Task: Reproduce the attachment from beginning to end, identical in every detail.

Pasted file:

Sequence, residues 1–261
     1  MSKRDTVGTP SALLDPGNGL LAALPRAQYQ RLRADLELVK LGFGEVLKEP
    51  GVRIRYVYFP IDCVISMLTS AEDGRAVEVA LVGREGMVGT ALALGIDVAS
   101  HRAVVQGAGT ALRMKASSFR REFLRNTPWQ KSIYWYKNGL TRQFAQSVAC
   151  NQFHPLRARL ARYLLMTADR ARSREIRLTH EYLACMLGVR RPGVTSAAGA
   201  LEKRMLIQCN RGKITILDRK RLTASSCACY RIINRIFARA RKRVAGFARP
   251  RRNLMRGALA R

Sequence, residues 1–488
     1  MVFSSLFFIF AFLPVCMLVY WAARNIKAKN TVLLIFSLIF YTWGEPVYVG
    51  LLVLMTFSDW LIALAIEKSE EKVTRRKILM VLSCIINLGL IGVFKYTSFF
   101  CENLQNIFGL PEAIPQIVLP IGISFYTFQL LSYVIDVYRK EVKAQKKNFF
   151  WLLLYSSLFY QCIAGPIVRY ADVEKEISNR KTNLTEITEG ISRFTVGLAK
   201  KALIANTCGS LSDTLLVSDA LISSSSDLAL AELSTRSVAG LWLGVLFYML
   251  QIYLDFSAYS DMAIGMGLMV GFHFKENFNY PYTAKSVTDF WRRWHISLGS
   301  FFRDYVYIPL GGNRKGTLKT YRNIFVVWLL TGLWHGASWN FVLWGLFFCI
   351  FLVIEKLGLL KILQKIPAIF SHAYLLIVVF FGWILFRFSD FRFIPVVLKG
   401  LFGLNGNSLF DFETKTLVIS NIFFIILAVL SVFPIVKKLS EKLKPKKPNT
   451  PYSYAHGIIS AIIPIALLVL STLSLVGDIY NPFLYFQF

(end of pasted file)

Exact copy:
Sequence, residues 1–261
     1  MSKRDTVGTP SALLDPGNGL LAALPRAQYQ RLRADLELVK LGFGEVLKEP
    51  GVRIRYVYFP IDCVISMLTS AEDGRAVEVA LVGREGMVGT ALALGIDVAS
   101  HRAVVQGAGT ALRMKASSFR REFLRNTPWQ KSIYWYKNGL TRQFAQSVAC
   151  NQFHPLRARL ARYLLMTADR ARSREIRLTH EYLACMLGVR RPGVTSAAGA
   201  LEKRMLIQCN RGKITILDRK RLTASSCACY RIINRIFARA RKRVAGFARP
   251  RRNLMRGALA R

Sequence, residues 1–488
     1  MVFSSLFFIF AFLPVCMLVY WAARNIKAKN TVLLIFSLIF YTWGEPVYVG
    51  LLVLMTFSDW LIALAIEKSE EKVTRRKILM VLSCIINLGL IGVFKYTSFF
   101  CENLQNIFGL PEAIPQIVLP IGISFYTFQL LSYVIDVYRK EVKAQKKNFF
   151  WLLLYSSLFY QCIAGPIVRY ADVEKEISNR KTNLTEITEG ISRFTVGLAK
   201  KALIANTCGS LSDTLLVSDA LISSSSDLAL AELSTRSVAG LWLGVLFYML
   251  QIYLDFSAYS DMAIGMGLMV GFHFKENFNY PYTAKSVTDF WRRWHISLGS
   301  FFRDYVYIPL GGNRKGTLKT YRNIFVVWLL TGLWHGASWN FVLWGLFFCI
   351  FLVIEKLGLL KILQKIPAIF SHAYLLIVVF FGWILFRFSD FRFIPVVLKG
   401  LFGLNGNSLF DFETKTLVIS NIFFIILAVL SVFPIVKKLS EKLKPKKPNT
   451  PYSYAHGIIS AIIPIALLVL STLSLVGDIY NPFLYFQF